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Medicare Coordinated Care Demonstration
As required under the Balanced Budget Act of 1997, the U.S. Secretary of Health and Human Services commissioned the Medicare Coordinated Care Demonstration to pilot and evaluate care coordination programs in the Medicare fee-for-service setting. The Centers for Medicare & Medicaid Services (CMS) contracted with Mathematica to evaluate the Medicare Coordinated Care Demonstration, which tested whether care coordination and disease management programs: (a) lower Medicare expenditures, or (b) increase the quality of health care services and beneficiary and provider satisfaction without increasing expenditures for beneficiaries with chronic illnesses.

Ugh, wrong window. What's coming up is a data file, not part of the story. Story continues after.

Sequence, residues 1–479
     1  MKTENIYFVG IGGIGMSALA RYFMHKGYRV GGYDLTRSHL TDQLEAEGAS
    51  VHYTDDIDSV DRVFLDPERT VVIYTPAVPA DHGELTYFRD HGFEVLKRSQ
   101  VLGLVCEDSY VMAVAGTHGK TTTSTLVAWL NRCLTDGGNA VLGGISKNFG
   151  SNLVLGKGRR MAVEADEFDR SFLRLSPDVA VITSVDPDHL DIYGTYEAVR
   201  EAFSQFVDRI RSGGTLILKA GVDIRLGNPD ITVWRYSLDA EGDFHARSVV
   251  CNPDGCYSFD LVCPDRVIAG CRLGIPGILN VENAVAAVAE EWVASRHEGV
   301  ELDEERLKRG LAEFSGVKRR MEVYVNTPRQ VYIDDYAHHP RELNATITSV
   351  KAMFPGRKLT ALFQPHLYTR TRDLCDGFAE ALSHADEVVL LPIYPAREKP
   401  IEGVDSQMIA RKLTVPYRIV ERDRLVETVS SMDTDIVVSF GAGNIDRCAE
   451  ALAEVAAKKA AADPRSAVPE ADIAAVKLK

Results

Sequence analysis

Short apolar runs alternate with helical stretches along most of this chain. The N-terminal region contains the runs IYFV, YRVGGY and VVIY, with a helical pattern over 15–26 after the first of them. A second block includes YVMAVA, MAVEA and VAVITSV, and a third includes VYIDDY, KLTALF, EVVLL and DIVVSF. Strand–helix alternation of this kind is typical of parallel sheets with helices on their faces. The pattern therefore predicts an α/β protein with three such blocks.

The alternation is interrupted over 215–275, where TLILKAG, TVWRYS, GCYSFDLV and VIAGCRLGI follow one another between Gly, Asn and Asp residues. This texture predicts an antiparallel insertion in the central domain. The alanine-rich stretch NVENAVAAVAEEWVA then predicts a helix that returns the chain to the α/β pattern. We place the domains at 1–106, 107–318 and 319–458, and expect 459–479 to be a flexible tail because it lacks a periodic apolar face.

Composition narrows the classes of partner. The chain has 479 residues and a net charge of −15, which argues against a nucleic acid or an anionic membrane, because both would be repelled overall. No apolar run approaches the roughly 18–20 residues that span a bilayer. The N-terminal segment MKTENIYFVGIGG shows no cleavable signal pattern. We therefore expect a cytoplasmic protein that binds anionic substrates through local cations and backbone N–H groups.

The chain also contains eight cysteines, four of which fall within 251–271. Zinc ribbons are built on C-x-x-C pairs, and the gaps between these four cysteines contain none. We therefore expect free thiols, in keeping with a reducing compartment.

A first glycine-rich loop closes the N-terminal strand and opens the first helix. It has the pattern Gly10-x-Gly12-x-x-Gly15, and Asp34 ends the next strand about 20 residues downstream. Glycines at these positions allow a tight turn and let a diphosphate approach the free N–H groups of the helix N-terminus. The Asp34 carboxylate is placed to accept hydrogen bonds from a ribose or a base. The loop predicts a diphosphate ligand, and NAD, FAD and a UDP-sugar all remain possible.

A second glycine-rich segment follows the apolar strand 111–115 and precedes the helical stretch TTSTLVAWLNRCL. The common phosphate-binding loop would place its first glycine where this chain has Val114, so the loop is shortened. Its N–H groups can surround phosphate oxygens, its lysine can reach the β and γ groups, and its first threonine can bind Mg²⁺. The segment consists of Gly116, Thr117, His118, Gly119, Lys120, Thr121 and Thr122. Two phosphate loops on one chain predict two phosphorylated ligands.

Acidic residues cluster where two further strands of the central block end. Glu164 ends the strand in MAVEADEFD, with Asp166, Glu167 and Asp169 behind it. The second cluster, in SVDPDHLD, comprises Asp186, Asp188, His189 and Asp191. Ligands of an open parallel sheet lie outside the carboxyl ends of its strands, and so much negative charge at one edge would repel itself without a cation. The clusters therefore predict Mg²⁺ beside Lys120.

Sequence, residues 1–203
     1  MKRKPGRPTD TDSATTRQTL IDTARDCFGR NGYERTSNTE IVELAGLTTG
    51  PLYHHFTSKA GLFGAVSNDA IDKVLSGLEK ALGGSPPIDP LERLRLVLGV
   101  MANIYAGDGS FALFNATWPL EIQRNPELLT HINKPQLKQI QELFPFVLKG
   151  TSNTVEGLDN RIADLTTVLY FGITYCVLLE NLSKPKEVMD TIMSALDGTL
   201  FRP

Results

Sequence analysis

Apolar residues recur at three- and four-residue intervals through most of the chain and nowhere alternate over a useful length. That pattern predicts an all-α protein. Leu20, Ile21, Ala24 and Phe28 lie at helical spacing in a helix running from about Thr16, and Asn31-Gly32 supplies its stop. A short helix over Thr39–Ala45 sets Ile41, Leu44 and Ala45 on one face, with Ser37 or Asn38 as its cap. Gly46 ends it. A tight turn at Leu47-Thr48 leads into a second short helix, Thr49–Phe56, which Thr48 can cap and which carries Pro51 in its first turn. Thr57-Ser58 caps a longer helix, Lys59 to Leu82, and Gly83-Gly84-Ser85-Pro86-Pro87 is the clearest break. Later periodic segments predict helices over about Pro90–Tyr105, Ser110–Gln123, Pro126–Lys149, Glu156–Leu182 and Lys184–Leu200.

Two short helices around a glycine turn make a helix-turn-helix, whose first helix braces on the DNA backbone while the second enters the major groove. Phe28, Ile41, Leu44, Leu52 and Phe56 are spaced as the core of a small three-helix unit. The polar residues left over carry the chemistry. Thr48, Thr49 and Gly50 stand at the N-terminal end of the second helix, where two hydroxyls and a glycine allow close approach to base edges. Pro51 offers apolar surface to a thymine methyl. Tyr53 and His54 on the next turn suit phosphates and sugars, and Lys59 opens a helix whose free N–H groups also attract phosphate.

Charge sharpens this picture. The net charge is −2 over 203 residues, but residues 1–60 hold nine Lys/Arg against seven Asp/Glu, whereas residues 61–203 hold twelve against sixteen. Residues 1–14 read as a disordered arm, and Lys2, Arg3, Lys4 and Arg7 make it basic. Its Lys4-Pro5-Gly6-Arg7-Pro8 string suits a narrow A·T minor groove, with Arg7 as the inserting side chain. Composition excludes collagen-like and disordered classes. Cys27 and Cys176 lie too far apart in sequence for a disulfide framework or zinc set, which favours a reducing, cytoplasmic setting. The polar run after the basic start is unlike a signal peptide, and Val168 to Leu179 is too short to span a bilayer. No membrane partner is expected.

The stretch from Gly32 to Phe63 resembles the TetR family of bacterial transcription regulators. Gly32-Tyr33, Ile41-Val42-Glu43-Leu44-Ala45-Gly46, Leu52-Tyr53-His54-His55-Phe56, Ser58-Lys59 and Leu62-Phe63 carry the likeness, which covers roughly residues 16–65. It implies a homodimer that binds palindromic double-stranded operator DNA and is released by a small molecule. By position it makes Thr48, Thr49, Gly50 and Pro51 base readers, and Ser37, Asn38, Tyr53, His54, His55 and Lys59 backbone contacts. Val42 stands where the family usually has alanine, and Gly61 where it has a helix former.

The programs were operated by a range of organizations, targeted different types of beneficiaries with chronic illnesses, and used different approaches. Only one of them embedded care managers in the primary care practices of the beneficiaries, though some of the others located the care managers in the same hospitals or health systems where beneficiaries received care and/or provided incentives for their usual care providers to interact with the care manager. The final report provided the most rigorous estimates ever presented on the effectiveness of care coordination interventions in a Medicare fee-for-service setting. Mathematica was subsequently awarded a grant from the Robert Wood Johnson’s Health Care Financing Organization to conduct additional research.